The Prime Minister led her coronavirus response team into the Beehive theatrette last night with the apparent intention of reinforcing the idea that the Government is in control of the coronavirus crisis.
The body language said determination and the message was “keep calm”.
She focussed on travel bans and advisories and stressed how much technical advice the Government was getting. the emphasis was on how tough the restrictions were; travellers from Italy must now “self-isolate for two weeks, and she advised that those with underlying health concerns should reconsider taking an overseas cruise at this time.”
But there was a problem across the Tasman; the Australian Government was announcing measures while Ardern’s Ministers were still holding committee meetings.
The Australian Prime Minister, Scott Morrison, told Sky News 117,000 apprentices at a cost of $A1.3 billion would be supported by the Federal Government to ensure there were few job losses at small firms with 20 or fewer employees.
And the Australian also announced a $A2.4 billion health plan to fight coronavirus.
“The provision of bulk-billed telehealth medical services, home medicine deliveries, support for additional aged care staff and increased service capacity for First Nations People in remote locations are all welcome and much-needed initiatives,” the CEO of the Australian Consumers Health Forum, Leanne Wells, said.
Asked whether New Zealand would do something similar, Ardern said: “I absolutely expect that we will see further investment in ongoing public health campaigns and so on.”
And though on Monday she said yesterday’s Cabinet coronavirus sub-committee (which she chairs) would prepare what she called “the business continuity” package she said yesterday that it would be finalised at Monday’s cabinet.
However, Finance Minister Grant Robertson is dues to speak today to the Wellington Chamber of Commerce and is expected to focus on some of what will be in the package in that speech.
His problem now is that the economic challenges he faces just keeping on getting worse.
He now readily concedes that the effects of the coronavirus will last through to the end of the year.
”But it evolves every day,” he told POLITIK yesterday.
“The first of those (challenges) is obviously coronavirus, and it’s spread and the effect that that has not only on our export markets and what we import but on global confidence.
“And I feel like what you saw with the markets this week related a lot to that
“But bear in mind we also have a drought issue as well that we’re dealing with. “
Add to this list the potential impact of the fall in oil prices, which will affect the US and Russian economies.
“So all of those things combined here, they certainly present challenges for us.
“The scenario planning we’ve been doing is really important because it allows us to move through those if that’s where we go.”
Robertson is speaking today to the Wellington Chamber of Commerce and plans to expand on these issues in that speech.
The Minister is coming under some criticism from National over what they argue is the tardiness of his response to the crisis.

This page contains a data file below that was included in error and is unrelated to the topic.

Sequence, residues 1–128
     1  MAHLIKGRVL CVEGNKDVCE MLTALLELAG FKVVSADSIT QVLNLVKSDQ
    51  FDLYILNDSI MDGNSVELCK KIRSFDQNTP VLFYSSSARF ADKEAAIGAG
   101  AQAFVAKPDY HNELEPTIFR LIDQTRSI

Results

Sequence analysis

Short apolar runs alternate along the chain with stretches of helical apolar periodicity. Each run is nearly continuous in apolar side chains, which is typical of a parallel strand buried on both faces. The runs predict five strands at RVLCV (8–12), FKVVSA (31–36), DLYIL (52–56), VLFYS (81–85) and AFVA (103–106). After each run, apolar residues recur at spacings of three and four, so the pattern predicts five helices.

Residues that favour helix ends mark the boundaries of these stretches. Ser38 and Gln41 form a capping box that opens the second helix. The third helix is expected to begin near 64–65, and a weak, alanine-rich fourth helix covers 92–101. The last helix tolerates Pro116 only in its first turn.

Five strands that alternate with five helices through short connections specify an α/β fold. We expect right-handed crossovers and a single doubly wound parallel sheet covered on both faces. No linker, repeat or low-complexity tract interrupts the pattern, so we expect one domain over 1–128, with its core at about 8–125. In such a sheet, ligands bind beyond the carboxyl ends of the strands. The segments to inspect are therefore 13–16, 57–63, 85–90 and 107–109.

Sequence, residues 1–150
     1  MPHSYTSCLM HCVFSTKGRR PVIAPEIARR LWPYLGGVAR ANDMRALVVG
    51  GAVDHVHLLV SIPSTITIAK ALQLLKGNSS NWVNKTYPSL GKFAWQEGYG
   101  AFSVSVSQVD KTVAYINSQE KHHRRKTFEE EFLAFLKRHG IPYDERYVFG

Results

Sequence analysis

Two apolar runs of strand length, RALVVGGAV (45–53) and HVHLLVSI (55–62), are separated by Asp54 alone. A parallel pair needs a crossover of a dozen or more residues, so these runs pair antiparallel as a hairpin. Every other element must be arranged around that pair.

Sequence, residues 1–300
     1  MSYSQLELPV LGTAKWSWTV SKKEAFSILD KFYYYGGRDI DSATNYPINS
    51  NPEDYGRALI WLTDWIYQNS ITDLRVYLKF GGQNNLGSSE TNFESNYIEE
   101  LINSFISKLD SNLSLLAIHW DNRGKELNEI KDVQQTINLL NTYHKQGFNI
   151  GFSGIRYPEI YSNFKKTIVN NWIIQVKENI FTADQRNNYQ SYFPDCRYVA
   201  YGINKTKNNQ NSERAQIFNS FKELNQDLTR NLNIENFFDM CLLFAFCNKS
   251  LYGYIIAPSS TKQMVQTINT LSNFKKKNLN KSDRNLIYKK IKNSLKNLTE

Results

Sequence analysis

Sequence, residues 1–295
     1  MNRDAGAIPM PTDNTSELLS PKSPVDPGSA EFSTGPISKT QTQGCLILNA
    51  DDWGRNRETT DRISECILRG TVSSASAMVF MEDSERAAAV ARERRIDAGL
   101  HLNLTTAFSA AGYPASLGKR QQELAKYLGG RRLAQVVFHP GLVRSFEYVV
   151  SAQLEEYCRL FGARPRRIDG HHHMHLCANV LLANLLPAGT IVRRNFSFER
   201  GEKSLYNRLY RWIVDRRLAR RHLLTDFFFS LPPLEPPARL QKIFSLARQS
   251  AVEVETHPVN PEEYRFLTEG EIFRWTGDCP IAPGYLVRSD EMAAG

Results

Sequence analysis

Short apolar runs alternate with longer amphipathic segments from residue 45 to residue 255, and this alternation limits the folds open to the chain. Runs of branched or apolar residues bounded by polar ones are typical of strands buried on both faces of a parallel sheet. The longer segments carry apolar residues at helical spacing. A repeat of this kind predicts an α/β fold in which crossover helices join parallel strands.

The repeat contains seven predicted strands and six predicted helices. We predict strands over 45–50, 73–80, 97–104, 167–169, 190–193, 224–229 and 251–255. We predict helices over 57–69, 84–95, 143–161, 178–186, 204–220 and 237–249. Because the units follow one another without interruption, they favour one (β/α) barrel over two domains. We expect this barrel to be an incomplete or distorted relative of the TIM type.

irusSopeaking ion Parliament yesterday, National’s Finance spokesperson, Paul Goldsmith acknowledged that the Government had announced that it would be coming up with a business continuity package.
“They’ve indicated some form of a wage subsidy to businesses directly affected, and it absolutely should be targeted to those businesses,” he said.
“Our point on that is that we think the Government should move with more urgency because those businesses have been under pressure now for a number of weeks.
“We know that it’s complicated, but we just encourage the Government to move swiftly in this area because we worry that the window of opportunity to save jobs is closing and we need to move fast.”
Robertson replied with a strong defence of Labour’s management of the economy which, he said, meant it had the fiscal room to cope with the crisis.
“Most businesses understand that right now we’re in the phase where it’s targeted responses that are needed, tailor-made responses that deal with the industries, the sectors, and the regions who are facing the brunt of this,” he said.
“At the same time, we plan.
“We plan for the possibility that this may go on longer, that the impacts may cut deeper.
“We are ready for that, and we have the fiscal space to deal with it.”
The underlying message from both Ardern and Robertson was to present a calm face to the electorate.
There is a clear Government strategy to try to avoid provoking any panic like the supermarket buying seen over the weekend.
But there are growing worries.
The tourism sector is in deep trouble; many of its operators are under capitalised small businesses without the resources to withstand a prolonged absence of tourists.
The Government will be leaning heavily on the banks to try and see many of these operators through.
There may be a campaign to encourage domestic tourism.
At the other end of the scale is Air New Zealand, which like most airlines around the world faces big losses. Ministers believe it can manage provided domestic and trans-Tasman travel keeps up.
There are still fears that the virus might spread rapidly and comprehensively across the northern hemisphere, particularly North America.
That would see Robertson have to activate his worst-case scenario, which essentially assumes the entire world goes into recession.
He has been almost continuously in meetings or on the phone with businesspeople and other economic leaders since last week.
Though the economic damage is already evident, the Government might be able to take some comfort from the fact that yesterday was the fourth consecutive day with no new cases of the virus.
Even so, the crisis is far from over yet.
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